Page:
While not all animals may present a danger to the car itself, it’s worth understanding just how strong some animals can be. To learn more about whether or not a bear can break a car window, take a look at our article here!
2. Use an Odor-Proof Plastic Storage Bag
One of the best ways to avoid animals getting into your food is to focus on keeping the smell of the food at a minimum. Even if it’s in your car, some animals will be able to catch the scent and follow it back to your hiding space. Cars may be more difficult for most animals to get into, but that doesn’t mean they won’t try.
Storing your food in specially-designed plastic bags such as those made by SmellyProof, can help to keep animals away. These bags are designed to keep the smell of the food in. As a result, nearby animals will have no idea that food is even present.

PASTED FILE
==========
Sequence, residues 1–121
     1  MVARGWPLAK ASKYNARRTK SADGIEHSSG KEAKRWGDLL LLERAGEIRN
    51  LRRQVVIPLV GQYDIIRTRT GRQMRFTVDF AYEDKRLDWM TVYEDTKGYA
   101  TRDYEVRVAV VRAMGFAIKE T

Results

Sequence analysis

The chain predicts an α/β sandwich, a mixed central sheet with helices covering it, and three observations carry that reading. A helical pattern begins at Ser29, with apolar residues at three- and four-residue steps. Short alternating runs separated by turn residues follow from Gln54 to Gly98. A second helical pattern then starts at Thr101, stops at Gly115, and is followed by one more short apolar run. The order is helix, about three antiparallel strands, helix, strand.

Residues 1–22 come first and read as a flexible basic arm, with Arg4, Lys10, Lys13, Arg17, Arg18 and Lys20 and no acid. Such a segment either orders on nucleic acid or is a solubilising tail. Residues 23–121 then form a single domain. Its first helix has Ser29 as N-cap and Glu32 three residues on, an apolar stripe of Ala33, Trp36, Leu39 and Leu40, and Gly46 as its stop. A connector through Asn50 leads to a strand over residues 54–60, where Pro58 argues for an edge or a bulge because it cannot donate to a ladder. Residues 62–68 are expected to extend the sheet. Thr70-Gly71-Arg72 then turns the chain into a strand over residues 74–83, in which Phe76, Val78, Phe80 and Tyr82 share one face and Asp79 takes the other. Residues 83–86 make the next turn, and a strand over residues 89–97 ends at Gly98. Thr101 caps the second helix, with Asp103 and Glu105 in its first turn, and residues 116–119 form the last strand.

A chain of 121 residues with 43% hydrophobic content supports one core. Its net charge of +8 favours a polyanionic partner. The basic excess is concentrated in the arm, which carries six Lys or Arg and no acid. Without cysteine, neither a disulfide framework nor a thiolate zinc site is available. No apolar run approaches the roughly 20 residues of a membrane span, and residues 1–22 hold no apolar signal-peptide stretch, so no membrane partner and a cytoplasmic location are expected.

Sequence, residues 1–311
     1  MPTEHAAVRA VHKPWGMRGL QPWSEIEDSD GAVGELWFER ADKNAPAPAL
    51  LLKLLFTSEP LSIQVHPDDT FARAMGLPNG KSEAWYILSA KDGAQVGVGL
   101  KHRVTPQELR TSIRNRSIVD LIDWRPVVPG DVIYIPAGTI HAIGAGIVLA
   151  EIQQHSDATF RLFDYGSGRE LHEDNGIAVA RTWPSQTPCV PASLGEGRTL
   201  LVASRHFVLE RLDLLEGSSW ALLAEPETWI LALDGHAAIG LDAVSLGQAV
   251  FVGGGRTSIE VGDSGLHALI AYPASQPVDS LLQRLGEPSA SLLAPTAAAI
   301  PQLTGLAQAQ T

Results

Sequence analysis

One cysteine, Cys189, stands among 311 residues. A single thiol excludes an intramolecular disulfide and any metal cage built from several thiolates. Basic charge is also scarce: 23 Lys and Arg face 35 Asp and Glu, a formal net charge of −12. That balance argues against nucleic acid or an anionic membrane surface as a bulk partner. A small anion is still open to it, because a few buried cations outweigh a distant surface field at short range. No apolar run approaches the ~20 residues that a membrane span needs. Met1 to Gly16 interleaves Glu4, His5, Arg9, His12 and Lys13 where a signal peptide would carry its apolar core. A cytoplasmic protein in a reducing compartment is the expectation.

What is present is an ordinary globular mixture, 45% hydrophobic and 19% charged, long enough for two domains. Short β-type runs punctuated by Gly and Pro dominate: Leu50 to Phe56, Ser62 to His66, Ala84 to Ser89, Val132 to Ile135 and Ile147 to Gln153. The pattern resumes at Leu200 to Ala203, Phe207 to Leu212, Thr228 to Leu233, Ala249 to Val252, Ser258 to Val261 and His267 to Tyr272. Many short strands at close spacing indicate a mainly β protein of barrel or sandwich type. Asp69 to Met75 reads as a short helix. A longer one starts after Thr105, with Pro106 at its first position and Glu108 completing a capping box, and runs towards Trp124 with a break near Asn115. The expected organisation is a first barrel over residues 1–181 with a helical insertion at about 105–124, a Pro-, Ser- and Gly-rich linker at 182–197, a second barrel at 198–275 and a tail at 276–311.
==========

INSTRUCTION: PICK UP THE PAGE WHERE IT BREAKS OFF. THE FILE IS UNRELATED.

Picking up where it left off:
Often, these bags aren’t very expensive. Even campers on a tight budget can get the benefits that the bags have to offer. While you might trust your car to keep a bear out, it’s worth keeping in mind that smaller animals can find their way in more easily.
Following those smaller animals may come larger animals that want to hunt them. Consequently, you really can’t be too safe when it comes to keeping the smell of your food locked away!
3. Avoid Mice
When we think about animals breaking into our cars to get to food, we often think of bears. However, smaller animals can be even more difficult to deal with, as they can get through openings that we may not even realize are there.
While mice may not be as outwardly dangerous as bears, they can carry parasites or diseases, or just generally be a pain. Sometimes, mice may decide to make a home in your vehicle. Their presence may also draw other animals to your campsite who want to eat them.